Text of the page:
Calculating altitude above ground level with BMP280

So for the past week, I have been frantically looking around the internet trying to find out how I can use a BMP280 pressure sensor to calculate altitude above ground level.

I understand that I need to know the pressure at ground level, and some math roughly along the lines of:

"if pressure is = X, then altitude is =Y"

I have heard that it is possible for the sensor to read pressure as 0 when turned on, and then every meter in altitude, the pressure increases by 0.121738 millibars. How would I go about getting the sensor to read 0 when turned on?

Let me know if you need more clarification!

-Lucas Rozanski

with a library?

Most people calibrate a pressure sensor so that it reads the correct altitude when turned on. Then you can track changes in altitude.

The basic approach to convert pressure readings to altitude is described here: Air Pressure at Altitude Calculator

I understand that. But I think that it would be much easier for the pressure sensor to just read 0 once turned on, and then track the pressure as it rises in altitude.

Calibrate the sensor in exactly the same way, but enter zero for the current altitude.

Okay. could you maybe provide me with some code? maybe a link? And where would I enter zero as the altitude?

I am very new to using sensors and using their data to preform actions. My end goal is to use the maximum altitude of a model rocket to calculate it's velocity when it hits the ground. from this information, I can determine when to ignite a rocket motor to land it similar to BPS.space.

You have code sample from a library in post #2

You can read the sensor when it is turned on, then store that value as the zero altitude reference, making all the following calculations based on the difference between that value and the current value.

To be honest, i still have no idea what to do.

You will also need to consider other factors, such as air density, temperature, wind speed and direction, drag of the rocket, etc. Propulsive landing using a solid rocket motor is going to be extremely difficult.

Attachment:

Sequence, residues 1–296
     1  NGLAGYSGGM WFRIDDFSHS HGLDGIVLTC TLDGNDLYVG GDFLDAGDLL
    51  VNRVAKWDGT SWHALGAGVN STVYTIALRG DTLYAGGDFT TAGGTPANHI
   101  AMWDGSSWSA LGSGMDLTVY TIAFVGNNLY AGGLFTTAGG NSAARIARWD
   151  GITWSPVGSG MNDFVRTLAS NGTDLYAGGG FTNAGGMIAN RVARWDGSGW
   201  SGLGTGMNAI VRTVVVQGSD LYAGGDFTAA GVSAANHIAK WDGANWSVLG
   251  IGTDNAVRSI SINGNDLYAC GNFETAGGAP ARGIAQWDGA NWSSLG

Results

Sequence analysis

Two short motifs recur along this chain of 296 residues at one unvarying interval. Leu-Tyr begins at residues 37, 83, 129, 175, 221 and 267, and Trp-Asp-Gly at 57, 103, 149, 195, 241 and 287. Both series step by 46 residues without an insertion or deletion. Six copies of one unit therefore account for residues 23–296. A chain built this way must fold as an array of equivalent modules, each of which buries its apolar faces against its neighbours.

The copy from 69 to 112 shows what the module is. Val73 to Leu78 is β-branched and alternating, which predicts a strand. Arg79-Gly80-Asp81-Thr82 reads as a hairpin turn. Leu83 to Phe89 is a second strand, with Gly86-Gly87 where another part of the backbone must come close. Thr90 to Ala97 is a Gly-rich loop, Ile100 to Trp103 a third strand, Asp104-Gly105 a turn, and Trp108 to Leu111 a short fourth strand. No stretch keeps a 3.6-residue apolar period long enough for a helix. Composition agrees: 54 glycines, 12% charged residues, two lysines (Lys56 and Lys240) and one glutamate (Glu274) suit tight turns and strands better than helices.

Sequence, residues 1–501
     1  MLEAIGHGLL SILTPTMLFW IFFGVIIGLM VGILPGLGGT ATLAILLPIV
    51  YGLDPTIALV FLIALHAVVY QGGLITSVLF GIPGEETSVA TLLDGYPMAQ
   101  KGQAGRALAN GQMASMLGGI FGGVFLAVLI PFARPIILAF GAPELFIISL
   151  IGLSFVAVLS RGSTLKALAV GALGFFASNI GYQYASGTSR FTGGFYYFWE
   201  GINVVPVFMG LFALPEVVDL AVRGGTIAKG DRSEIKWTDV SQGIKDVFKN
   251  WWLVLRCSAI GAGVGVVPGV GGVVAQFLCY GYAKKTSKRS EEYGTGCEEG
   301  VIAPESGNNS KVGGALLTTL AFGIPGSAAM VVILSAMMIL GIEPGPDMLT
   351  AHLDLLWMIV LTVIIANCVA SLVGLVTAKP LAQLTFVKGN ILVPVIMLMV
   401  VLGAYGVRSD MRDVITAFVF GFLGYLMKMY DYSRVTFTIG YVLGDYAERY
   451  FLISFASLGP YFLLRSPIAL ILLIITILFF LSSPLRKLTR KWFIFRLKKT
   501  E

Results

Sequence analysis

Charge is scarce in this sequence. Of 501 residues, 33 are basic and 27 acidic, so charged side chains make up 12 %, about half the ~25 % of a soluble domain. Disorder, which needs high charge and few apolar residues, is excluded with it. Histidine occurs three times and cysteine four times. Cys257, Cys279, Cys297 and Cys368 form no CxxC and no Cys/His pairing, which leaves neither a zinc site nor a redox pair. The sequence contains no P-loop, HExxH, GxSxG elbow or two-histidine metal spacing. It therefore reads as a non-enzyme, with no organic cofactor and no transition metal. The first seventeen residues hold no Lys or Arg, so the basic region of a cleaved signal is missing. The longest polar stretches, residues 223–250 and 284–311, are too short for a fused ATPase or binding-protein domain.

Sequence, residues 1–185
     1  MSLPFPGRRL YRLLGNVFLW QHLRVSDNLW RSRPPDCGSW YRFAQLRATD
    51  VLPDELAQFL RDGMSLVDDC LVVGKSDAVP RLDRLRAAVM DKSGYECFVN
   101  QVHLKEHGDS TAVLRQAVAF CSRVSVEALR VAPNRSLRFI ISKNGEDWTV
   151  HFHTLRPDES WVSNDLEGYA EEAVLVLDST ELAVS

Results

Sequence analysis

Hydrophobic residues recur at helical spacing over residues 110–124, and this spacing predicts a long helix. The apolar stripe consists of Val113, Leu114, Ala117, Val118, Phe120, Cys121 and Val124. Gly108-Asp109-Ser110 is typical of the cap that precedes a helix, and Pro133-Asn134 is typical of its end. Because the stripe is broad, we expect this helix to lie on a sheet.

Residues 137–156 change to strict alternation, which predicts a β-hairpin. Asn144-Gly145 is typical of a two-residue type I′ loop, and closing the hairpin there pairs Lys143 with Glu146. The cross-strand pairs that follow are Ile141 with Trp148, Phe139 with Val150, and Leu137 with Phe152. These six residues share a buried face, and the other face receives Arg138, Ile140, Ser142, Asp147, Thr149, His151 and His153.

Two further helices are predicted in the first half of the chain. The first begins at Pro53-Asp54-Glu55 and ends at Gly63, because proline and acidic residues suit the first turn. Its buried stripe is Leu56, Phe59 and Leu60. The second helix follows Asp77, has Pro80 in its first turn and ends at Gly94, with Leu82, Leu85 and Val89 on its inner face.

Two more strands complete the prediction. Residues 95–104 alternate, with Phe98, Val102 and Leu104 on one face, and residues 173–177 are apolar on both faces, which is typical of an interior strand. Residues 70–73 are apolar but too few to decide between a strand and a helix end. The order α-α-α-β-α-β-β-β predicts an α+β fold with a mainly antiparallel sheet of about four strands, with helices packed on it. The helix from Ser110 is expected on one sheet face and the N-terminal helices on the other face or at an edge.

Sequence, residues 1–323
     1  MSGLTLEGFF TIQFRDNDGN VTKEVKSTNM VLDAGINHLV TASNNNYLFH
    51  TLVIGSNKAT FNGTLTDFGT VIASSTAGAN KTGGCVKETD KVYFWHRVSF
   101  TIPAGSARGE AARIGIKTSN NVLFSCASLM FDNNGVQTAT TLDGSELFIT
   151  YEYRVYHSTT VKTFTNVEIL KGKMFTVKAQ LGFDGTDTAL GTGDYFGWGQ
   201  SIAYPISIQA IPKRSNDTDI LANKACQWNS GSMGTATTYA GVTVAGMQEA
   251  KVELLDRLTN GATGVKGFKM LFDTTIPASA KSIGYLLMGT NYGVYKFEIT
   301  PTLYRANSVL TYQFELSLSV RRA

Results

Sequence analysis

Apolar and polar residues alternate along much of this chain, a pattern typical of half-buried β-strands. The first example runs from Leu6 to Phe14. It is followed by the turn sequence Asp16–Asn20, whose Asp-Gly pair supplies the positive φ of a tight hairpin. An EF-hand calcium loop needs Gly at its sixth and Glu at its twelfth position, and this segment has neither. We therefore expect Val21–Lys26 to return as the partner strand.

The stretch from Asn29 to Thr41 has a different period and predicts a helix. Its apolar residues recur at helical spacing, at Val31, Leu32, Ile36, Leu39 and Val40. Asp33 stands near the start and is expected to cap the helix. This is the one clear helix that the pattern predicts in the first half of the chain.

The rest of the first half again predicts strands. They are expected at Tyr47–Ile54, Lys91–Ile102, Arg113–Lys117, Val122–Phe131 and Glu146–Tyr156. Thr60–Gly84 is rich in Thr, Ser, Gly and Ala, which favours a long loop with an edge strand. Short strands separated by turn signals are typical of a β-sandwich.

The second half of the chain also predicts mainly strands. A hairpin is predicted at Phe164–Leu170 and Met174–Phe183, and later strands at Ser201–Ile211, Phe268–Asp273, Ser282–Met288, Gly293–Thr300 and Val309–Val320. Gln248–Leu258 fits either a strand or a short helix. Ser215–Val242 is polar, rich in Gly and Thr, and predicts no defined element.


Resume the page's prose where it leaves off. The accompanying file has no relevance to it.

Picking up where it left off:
I know that it is going to be difficult, and it does not need to be exact. I am planning on incorporating those factors later on.

Let me clarify a little, right now, I need to find out how to code this:

"When the BMP280 turns on, it reads the pressure at the current altitude. Using the number that air pressure drops at per meter of increased altitude, calculate the altitude in meters. "

That is all I need. I have figured out some equations to calculate the best time to burn the motor on my own.

Correction,

"calculate the altitude in meters ABOVE GROUND LEVEL".

That seems very straightforward, you take a reading of the pressure at ground level (presumably when the power is turned on the rocket is sitting on the ground). Store that value as the ground reference. To calculate altitude about ground level, take a reading of the current pressure, subtract the ground reference, and you now have the pressure differential with which to calculate the altitude.

What would the math for calculating the altitude look like?

in the library above, if in your setup you call bmp.readAltitude(1013.25) then you get some sort of a reference altitude if the sea level hPa was 1013.25 (which is the average pressure at mean sea-level (MSL) in the International Standard Atmosphere (ISA)). Store this in a float variable startAltitude.

Then later when you call again bmp.readAltitude(1013.25), if you want the relative altitude, just subtract startAltitude.

You could modify the library to provide a setReference() and a readRelativeAltitude() methods that would "hide" this math away for you...

Okay, that sounds pretty simple. I m definitely going to need to come back and read this post a few more times though! HAHAHA.
Thanks for all of the help!

Last question.

Do i need to use ALL of the 600 lines of code in what was posted, or do i only need to use the highlighted part?

install and use the library. Something like this if you have an I2C module

#include <Adafruit_BMP280.h>
Adafruit_BMP280 bmp; // I2C
float startAltitude = 0;

void setup() {
  Serial.begin(115200);
  Serial.println(F("BMP280 test"));

  if (!bmp.begin()) {
    Serial.println(F("Could not find a valid BMP280 sensor, check wiring / I2C address"));
    while (true) yield();
  }

  /* Default settings from datasheet. */
  bmp.setSampling(Adafruit_BMP280::MODE_NORMAL,     /* Operating Mode. */
                  Adafruit_BMP280::SAMPLING_X2,     /* Temp. oversampling */
                  Adafruit_BMP280::SAMPLING_X16,    /* Pressure oversampling */
                  Adafruit_BMP280::FILTER_X16,      /* Filtering. */
                  Adafruit_BMP280::STANDBY_MS_500); /* Standby time. */

  startAltitude = bmp.readAltitude(1013.25);
}

void loop() {
  Serial.print(F("Relative altitude = "));
  Serial.print(bmp.readAltitude(1013.25) - startAltitude);  // approximative
  Serial.println(" m");
  delay(1000);
}

Serial monitor at 115200 bauds will print the relative altitude every second